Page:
Syrian Christians request prayer for their country on the third anniversary of the abduction of two Bishops of Aleppo.
On 22nd April 2013 Bishop Yohanna Ibrahim of the Syrian Orthodox Church and Bishop Boulos Yaziji of the Greek Orthodox Church were stopped by armed militants while travelling north of Aleppo. The militants abducted the bishops and murdered their driver. A fourth Christian travelling with them escaped. They had been travelling to an area near the border with Turkey as part of negotiations for the release of two priests abducted on 9th February 2013. The fate and whereabouts of the bishops and priests remain unknown.
Marking the anniversary, the Syrian Orthodox and Greek Orthodox Patriarchs of Antioch issued a joint statement in which they appealed for the release of the bishops and called on the international community to take substantive action on their behalf.
The Patriarchs describe the plight of the bishops as ‘a miniature of the great human suffering‘ inflicted on Syria.They emphasise that Syrian Christians share the pain and uncertainty of their compatriots and, together with all Syrians of good will, are committed to working towards peace ‘based on co-existence, citizenship and moderate religious discourse‘.
The Patriarchs’ appeal comes as the latest round of peace talks in Geneva is faltering amid seemingly intractable political disagreement and escalating levels of violence in Syria. With Orthodox churches preparing to celebrate Easter (1st May), the Patriarchs note that Christians are ‘children of the Resurrection, and of Light‘, and that their hope is ultimately in their risen Lord.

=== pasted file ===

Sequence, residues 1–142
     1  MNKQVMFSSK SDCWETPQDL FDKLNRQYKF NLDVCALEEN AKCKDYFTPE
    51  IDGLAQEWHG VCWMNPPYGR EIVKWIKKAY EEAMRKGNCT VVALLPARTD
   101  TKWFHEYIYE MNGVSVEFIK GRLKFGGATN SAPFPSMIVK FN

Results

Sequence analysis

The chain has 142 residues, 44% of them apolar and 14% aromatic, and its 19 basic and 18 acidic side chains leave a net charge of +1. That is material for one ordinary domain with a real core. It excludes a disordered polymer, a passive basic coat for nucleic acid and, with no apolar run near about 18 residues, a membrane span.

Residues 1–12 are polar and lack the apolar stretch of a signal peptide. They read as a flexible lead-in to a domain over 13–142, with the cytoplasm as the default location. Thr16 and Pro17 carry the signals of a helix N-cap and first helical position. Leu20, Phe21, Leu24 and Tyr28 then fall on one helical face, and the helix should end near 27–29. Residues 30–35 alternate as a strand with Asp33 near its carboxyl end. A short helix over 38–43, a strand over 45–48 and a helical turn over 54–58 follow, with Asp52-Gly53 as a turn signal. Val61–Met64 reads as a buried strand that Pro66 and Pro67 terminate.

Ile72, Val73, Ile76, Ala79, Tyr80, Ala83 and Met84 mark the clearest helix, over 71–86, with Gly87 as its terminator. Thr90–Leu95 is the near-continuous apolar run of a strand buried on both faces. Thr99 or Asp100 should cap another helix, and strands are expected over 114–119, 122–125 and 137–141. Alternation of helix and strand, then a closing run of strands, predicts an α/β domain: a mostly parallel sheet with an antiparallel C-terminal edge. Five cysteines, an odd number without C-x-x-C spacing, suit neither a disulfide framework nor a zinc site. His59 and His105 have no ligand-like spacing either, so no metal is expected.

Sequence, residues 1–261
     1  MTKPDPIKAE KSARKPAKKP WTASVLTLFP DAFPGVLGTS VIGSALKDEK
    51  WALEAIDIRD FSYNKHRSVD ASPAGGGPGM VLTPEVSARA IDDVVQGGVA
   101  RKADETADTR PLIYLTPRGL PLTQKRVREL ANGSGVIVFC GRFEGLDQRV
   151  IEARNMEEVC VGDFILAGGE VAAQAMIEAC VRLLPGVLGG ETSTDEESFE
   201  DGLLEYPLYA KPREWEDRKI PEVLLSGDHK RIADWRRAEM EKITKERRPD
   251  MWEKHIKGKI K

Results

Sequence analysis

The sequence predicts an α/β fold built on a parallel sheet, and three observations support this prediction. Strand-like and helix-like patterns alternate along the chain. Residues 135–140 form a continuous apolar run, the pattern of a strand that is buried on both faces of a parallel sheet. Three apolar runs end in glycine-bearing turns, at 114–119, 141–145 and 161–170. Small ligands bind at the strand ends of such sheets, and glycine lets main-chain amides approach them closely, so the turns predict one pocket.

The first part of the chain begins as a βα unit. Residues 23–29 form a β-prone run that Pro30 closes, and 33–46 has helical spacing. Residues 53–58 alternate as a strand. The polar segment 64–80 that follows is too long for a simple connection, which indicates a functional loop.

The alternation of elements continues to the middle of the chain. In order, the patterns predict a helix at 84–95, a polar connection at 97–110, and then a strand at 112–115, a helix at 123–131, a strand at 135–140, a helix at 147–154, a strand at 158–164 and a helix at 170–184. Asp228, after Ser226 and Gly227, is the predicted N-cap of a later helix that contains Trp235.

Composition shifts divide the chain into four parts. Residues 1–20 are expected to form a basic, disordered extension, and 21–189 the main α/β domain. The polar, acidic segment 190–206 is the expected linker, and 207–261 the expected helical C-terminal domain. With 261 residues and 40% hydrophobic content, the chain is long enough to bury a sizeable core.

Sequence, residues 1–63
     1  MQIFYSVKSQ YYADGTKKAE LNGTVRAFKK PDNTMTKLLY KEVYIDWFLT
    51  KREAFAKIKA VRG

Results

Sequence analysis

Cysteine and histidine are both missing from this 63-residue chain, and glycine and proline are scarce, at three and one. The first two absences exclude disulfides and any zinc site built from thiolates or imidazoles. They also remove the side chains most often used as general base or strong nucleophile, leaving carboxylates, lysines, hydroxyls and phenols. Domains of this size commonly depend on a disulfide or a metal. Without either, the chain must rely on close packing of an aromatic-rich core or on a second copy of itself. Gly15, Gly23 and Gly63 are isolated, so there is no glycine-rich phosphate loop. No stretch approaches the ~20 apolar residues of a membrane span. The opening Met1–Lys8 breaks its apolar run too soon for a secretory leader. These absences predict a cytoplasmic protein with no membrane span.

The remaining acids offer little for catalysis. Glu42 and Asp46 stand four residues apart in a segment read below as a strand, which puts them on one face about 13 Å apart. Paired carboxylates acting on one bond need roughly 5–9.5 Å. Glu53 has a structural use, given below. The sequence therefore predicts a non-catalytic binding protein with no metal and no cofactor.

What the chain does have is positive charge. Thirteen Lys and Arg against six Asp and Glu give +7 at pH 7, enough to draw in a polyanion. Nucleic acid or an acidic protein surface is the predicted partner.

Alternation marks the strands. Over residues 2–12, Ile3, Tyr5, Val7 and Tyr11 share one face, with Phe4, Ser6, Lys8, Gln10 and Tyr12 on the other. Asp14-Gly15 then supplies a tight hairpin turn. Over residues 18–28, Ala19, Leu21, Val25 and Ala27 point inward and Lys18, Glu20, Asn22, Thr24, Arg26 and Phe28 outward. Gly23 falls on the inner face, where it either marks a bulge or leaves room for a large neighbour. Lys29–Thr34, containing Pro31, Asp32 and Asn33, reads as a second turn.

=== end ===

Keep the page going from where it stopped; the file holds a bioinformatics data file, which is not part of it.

Syrian Christians request prayer that:
- violence will cease, peace will be restored and the clear rule of law will be applied equally for all in every part of Syria
- all who remain abducted will know the Lord’s strength and sustaining, and that they will be released soon
- those who are bereaved will know the comfort of Jesus, and the wounded and traumatised will know His healing and presence
- the needs of the millions of Syrians who have been displaced, either internally or abroad, will be adequately met
- those engaged in peace talks will prioritise the needs of the Syrian people and not their own agendas
- all who are intent on violent means would know the Spirit’s conviction of sin and respond to the Father’s offer of new life through the work of the Son